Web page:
ECRI placed artificial intelligence high on its ranking of trouble spots. Marcus Schabacker, president and CEO of ECRI, explains his concerns.
Many industry observers say artificial intelligence has the potential to change healthcare dramatically, but some analysts and leaders have expressed the need for more guardrails for AI.
ECRI, an organization focused on patient safety, placed AI among the top 10 health technology hazards to watch in 2024. AI landed fifth on the list of troublesome areas.
Marcus Schabacker, MD, president and CEO of ECRI, tells Chief Healthcare Executive® that he could talk for days when asked about his concerns for AI in healthcare.
“We think there's enormous potential and AI to benefit healthcare to make it more reliable and more effective, but right now, we don't have the right mechanisms in place to make sure it is safe,” Schabacker says.
AI remains the hot topic at healthcare conventions and health leaders see enormous potential to improve diagnosis of patients. However, critics point out that AI isn’t foolproof, and AI-powered solutions can reflect racial bias.
Schabacker outlines a host of concerns about AI and its uses, such as whether algorithms were tested on diverse populations, or if they were focused largely on white men. AI models reflect the quality of the data they are using, so they can become biased toward a particular population group, he says.
“Once you have somebody who doesn't fit in that subset, you get a very wrong result,” he says.
Schabacker expresses concern about the lack of regulation from the Food and Drug Administration for AI tools. He says developers typically describe AI-powered solutions as “decision support” tools, so they get less FDA scrutiny.
That’s worrisome, because more doctors are going to end up using AI tools to support diagnosis, especially physicians who are overworked, Schabacker says.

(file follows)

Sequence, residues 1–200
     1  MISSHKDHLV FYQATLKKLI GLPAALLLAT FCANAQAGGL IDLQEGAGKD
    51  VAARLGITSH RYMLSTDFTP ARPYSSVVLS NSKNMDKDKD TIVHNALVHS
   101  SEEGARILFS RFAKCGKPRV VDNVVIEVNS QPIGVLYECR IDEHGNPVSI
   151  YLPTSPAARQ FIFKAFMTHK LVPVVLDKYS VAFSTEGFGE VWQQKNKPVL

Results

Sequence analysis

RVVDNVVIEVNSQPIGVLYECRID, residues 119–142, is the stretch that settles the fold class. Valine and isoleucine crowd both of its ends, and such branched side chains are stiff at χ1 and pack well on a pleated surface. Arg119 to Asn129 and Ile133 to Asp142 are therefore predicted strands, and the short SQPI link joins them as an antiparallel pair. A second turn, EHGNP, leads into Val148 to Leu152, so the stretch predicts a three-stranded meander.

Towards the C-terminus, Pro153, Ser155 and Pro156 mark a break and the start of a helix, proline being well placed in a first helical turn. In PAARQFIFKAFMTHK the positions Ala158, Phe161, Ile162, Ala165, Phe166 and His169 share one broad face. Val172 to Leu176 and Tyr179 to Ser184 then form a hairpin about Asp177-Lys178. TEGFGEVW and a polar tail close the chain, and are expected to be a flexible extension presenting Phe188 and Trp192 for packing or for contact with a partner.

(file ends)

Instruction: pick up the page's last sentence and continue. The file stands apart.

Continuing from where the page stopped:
He asks, “Is it really just decision support? Is the physician going to make the final decision?”
“We're very afraid that these decision support tools become actually decision-making tools,” Schabacker says. “And they're certainly not designed or regulated for it.”
Schabacker points out that “we really didn't do well” with another key innovation in healthcare 15 years ago: electronic medical records. Initially designed as a billing solution, electronic health records have become a ubiquitous workforce tool in healthcare.
“Let's not do the same mistake like we did with EMRs and just generally apply it to everything,” Schabacker says.
His message to policymakers: “You’re already behind. Don’t get further behind.”
“Get the right people together to think about what needs to be done to regulate this,” he says. “I'm not saying AI is bad, I think AI can tremendously help. But it's got to be done right. We need to have certain guidelines, design principles, an understanding on what is going into the algorithm. How do we test for it? What's the population and the biases, which might be included, and how do we take care of that? And then what kind of assurance, quality assurance, we need on an ongoing basis?”
“The more we can design safety features and principles in it, the less we need to correct it or test for it later,” he says. “So that's the call out to regulators to be really much, much more involved here.”
Schabacker also offers some words of warning for the healthcare industry.
“Don't let the guys in the garage develop that stuff,” he says. “Have a decent process, Make sure that you have relevant medical expertise as an input, and that is not one or two medical advisors. So there's a lot to be done here. But I’m afraid … we’re already behind the eight ball.”